Utah Open Lands secures more time to protect Thaynes Canyon acreage
Utah Open Lands has secured another three months to raise the funds needed for a conservation agreement involving Snow Ranch Pasture, a tract of land in Thaynes Canyon that City Hall also wants protected from development.
Two branches of the Armstrong family on Monday granted an extension through June 30. The deadline had been Sunday. Utah Open Lands said early in the week the fundraising efforts were well short of the goal, necessitating the additional time.
The agreement is set at $6 million. City Hall has pledged up to $3 million of the overall cost and will use funds from a successful $48 million ballot measure that provided the bulk of the monies for the municipal government’s acquisition of the Treasure land for conservation purposes. The organization has raised approximately $1.5 million, leaving the efforts short by upward of $1.5 million.
Utah Open Lands says the land is valued at more than $16 million, meaning the two branches of the Armstrong family are subsidizing the agreement by upward of $10 million. Utah Open Lands is continuing the fundraising efforts focused on Snow Ranch Pasture, which encompasses 20 acres off Thaynes Canyon Drive close to the Park City Golf Club.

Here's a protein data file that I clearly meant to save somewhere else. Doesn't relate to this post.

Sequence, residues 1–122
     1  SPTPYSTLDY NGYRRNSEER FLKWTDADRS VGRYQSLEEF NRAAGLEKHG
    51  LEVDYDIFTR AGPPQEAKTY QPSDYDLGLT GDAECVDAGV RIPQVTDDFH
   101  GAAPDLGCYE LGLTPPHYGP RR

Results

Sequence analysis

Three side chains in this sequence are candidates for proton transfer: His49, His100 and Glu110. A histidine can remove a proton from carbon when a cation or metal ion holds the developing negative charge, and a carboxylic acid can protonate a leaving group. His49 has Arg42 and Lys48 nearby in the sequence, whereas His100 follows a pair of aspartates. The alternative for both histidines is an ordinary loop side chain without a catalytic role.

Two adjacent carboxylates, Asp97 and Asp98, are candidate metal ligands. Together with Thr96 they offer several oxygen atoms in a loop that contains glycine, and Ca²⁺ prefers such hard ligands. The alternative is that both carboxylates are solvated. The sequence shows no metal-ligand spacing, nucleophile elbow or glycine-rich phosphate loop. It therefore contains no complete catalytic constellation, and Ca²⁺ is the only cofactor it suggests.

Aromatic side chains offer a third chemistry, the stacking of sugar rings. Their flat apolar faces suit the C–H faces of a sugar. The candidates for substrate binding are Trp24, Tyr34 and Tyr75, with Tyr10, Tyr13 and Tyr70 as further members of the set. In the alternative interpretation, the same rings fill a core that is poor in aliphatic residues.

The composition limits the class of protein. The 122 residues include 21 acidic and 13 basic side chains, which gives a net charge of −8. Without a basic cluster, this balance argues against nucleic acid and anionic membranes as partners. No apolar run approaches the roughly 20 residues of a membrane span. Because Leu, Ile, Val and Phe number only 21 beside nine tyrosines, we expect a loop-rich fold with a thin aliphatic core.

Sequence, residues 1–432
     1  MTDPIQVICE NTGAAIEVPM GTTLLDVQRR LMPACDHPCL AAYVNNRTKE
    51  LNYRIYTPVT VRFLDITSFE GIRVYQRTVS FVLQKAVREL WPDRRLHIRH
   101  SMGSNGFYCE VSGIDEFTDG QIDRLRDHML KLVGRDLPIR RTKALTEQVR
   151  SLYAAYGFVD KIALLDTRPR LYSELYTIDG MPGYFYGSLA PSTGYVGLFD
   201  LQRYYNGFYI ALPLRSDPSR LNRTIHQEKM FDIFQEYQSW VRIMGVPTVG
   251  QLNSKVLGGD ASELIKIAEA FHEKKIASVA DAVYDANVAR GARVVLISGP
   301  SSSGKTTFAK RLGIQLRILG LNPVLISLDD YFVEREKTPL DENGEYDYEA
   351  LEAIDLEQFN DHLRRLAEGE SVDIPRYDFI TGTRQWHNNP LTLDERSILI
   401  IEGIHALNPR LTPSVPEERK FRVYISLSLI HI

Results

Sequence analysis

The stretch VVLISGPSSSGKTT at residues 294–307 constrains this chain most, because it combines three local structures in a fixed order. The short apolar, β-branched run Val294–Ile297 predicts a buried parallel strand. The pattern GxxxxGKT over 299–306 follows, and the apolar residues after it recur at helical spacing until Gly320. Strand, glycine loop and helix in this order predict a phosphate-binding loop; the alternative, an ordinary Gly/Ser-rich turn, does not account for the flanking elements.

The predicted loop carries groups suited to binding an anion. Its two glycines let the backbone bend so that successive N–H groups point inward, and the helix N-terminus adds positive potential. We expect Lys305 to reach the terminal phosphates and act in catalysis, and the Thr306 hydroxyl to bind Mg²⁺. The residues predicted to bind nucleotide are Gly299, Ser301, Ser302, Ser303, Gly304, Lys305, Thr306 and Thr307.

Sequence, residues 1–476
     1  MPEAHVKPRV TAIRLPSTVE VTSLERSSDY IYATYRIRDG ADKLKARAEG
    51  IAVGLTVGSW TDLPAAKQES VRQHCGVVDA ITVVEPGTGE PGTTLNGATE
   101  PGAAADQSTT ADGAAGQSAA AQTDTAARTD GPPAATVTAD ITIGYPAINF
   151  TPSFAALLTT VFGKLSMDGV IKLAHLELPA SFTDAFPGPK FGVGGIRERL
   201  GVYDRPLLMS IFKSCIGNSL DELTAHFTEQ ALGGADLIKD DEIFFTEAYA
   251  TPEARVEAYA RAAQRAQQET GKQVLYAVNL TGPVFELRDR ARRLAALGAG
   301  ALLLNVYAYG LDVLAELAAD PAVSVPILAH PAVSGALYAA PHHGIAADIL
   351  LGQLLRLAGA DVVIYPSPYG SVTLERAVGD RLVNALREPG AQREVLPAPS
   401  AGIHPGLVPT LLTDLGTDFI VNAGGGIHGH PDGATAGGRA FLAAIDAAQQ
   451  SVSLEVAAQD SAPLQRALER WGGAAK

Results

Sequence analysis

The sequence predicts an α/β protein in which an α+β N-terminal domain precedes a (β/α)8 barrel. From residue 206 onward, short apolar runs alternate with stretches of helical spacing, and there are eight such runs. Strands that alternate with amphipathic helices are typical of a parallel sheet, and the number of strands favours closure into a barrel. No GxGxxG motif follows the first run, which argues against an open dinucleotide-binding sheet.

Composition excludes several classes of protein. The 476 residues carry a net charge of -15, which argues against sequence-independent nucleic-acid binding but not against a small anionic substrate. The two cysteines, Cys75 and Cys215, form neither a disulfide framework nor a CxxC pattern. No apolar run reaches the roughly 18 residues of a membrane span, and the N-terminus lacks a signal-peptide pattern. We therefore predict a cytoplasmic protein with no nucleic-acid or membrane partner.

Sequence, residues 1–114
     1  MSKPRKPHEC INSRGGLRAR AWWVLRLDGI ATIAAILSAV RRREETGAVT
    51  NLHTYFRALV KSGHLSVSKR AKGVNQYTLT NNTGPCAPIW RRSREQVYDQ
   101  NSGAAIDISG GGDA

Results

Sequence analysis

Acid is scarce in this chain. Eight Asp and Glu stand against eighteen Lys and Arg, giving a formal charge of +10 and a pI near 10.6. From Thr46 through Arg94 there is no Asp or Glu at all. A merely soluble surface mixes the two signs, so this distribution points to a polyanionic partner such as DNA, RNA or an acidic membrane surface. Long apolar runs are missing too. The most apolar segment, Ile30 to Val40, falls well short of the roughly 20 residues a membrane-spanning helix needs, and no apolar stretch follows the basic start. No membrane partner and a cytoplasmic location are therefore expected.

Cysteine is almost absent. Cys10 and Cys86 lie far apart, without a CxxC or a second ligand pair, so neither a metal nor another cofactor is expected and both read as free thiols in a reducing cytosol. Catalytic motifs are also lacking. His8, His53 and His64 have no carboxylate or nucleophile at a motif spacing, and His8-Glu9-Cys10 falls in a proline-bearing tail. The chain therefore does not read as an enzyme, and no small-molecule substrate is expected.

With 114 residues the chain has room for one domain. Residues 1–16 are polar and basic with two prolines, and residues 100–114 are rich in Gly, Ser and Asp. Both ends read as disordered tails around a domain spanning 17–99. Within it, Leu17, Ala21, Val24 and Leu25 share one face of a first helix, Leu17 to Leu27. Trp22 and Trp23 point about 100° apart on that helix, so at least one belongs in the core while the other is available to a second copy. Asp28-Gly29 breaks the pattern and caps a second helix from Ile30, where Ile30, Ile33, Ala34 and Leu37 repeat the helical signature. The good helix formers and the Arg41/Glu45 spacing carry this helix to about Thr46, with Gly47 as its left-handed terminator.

“The family’s always been willing to consider, if we’re making progress, (giving) us more time,” Wendy Fisher, the executive director of Utah Open Lands, said, adding, “The family’s been very supportive of it.”
Fisher said the timing of the extension through June 30 is opportune, explaining that grant possibilities begin in early April and some grant requests will not be decided until early June. She said Utah Open Lands grant requests totaling approximately $900,000 are pending with unspecified local, state and regional foundations. Individual contributions are sought alongside those from foundations.
Utah Open Lands, if successful, would secure a mechanism known as a conservation easement on the land. Under an easement, the land would remain with the owner, but the two branches of the Armstrong family would forego development in perpetuity. Utah Open Lands has said up to 48 houses are possible on the acreage if it is not protected from development. Supporters want the land set aside for its scenic value and wildlife habitat.
The extension until June 30 is the second time the date has been pushed back after an initial deadline of Dec. 15.
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Park City’s elected officials next week are scheduled to receive a briefing about the upcoming 2020 census. The census results are used for a variety of purposes, including funding formulas and crafting legislative and congressional districts boundaries.